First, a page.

For the past two years, countless students have been forced to adapt to the drastic changes COVID-19 has brought to their education. The fluidity of the pandemic has turned familiar learning practices upside down — requiring children to learn remotely, in person or with some hybrid mix of these. Students have faced each week — and, in some instances, each day — the uncertainty of where they would be or what their learning schedules would look like. It certainly has been unsettling for children, but also for their parents and families. Not only have parents had to focus on their own jobs, the financial strain of the pandemic, or potential health-related issues, but they have also been tasked with helping their children navigate learning during a pandemic.
It has been particularly challenging for the over 230,000 students eligible for special education in our state. Many families were unaware that they are required to file and actively meet with their school districts, as well as collaborate with teachers to establish special individualized education programs (IEPs) to accommodate education needs for those with certain learning disabilities. Many students did not receive the attention outlined in their IEPs, thus requiring families to file due-process petitions. Previously, the deadline to file the petitions was March 18, 2022.
Municipalities are backed up with paperwork due to the pandemic, and the previous deadline would have left far too many children without the proper resources and individualized attention for an optimal learning experience. That’s why I sponsored a measure (formerly bill A-1281), signed into law by Gov. Murphy last week, that will extend the deadline to Sept. 1, 2023.
We know remote learning has led to learning loss for students, but it has also made it very difficult for parents to stay up to date on what programs schools are implementing. Many parents rely on back-to-school nights and parent-teacher conferences to fully understand what is being taught and what help their child has received. Many families may even be unaware their child has been struggling while parents are working full-time jobs and their son or daughter is learning from their laptop at home.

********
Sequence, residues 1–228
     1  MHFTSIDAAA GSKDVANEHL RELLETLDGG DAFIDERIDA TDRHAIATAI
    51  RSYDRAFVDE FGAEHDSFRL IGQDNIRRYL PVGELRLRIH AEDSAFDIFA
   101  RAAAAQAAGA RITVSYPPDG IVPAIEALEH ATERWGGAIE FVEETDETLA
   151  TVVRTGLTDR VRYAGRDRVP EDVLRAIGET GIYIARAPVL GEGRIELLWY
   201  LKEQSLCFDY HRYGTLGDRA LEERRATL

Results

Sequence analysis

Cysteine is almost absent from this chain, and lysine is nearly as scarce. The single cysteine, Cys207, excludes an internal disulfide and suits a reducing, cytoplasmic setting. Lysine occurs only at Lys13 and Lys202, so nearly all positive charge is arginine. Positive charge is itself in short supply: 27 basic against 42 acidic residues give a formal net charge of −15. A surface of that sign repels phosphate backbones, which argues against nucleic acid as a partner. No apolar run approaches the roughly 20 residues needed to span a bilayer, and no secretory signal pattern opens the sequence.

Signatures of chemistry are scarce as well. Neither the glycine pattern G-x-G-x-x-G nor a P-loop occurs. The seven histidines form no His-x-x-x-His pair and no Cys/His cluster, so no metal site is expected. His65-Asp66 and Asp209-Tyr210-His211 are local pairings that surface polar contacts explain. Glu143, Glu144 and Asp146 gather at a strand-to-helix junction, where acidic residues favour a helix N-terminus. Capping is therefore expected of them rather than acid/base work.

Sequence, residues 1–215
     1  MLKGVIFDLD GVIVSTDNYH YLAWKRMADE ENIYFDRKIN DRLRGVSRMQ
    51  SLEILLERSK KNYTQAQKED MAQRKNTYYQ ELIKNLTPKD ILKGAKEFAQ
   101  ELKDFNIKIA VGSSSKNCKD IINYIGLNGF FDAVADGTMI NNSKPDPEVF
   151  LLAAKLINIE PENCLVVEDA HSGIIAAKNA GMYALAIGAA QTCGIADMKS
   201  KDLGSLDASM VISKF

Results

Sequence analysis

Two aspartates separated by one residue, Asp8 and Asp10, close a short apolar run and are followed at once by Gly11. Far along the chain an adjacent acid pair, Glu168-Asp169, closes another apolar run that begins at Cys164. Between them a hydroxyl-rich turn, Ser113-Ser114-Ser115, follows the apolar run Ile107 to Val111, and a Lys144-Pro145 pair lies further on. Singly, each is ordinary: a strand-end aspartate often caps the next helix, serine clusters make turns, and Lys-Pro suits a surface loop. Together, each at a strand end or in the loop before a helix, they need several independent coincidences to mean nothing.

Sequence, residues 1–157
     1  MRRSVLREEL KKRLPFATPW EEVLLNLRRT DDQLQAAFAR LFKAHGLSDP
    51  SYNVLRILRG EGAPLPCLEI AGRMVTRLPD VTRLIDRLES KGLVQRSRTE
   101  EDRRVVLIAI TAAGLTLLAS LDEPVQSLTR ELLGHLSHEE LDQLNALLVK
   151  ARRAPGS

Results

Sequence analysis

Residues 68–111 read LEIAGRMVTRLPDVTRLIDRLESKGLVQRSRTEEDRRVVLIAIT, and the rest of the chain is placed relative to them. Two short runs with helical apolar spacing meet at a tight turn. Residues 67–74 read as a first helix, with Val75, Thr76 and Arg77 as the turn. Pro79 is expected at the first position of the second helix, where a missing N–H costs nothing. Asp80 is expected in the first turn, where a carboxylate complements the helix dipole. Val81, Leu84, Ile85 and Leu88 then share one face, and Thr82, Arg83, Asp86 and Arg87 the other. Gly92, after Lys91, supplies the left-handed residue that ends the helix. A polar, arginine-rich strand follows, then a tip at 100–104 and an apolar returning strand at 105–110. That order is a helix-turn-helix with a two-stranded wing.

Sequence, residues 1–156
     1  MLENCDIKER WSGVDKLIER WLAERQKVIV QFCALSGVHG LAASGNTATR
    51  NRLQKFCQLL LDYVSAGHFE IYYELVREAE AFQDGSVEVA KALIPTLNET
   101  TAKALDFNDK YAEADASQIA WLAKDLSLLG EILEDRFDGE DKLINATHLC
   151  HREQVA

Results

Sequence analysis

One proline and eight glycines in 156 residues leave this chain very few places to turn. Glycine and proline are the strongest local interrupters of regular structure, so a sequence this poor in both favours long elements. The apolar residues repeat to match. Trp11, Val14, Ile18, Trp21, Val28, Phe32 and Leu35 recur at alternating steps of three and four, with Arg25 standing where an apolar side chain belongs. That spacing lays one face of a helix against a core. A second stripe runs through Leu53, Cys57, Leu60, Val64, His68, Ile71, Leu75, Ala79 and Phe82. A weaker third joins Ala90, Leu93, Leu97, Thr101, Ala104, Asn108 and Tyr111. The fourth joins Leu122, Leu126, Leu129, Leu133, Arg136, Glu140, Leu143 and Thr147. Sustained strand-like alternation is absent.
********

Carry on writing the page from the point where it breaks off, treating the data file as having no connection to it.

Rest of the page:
New Jersey takes due-process claims very seriously, and the Office of Legislative Law does a great job helping students receive proper attention to learning programs. With close to 2,000 claims per year, the pandemic adding confusion and many families getting back on their feet, it is challenging for everyone involved to adequately help the students who need it most.
Such a high number of filings creates difficulties in conducting due-process hearings and has resulted in major delays. It is not uncommon for the hearings to last an entire school year. Our children in need of individualized education programs cannot wait another year or two to finally receive the specialized teaching they deserve. Now, they will not have to wait.
The tools for a quality education
With this new law, we have taken a significant step to correct this problem and ensure that going forward, everyone has the tools they need to get the most out of their schooling. New Jersey has top-rated schools, and it is something all New Jerseyans take great pride in. We must continue and strive to ensure students receive the absolute best that education has to offer.
Our children are our future. It may be a cliché and said often, but it is the absolute truth. It is essential they are given access to all the resources possible to aid their education while promoting inclusive and progressive learning environments.
Extending the period for filing a request for a due-process hearing gives school districts and individualized education program teams time to hold meetings to determine whether a student is owed compensatory education, while still allowing a student’s parents or guardians time to file a due-process petition if an agreement is not met. It’s a simple, responsible solution to ensuring students with special learning needs receive the high-quality education that they deserve.
This piece was originally published by NJ Spotlight News on March 8, 2022.